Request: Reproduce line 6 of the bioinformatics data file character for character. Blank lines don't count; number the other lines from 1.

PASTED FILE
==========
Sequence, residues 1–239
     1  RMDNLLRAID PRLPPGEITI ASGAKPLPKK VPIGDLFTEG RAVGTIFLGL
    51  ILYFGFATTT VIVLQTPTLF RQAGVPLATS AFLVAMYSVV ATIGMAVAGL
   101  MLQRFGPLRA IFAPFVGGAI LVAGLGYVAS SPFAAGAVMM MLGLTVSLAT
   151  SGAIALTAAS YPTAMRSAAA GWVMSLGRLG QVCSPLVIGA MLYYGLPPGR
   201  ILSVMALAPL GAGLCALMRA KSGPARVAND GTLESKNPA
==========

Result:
   201  ILSVMALAPL GAGLCALMRA KSGPARVAND GTLESKNPA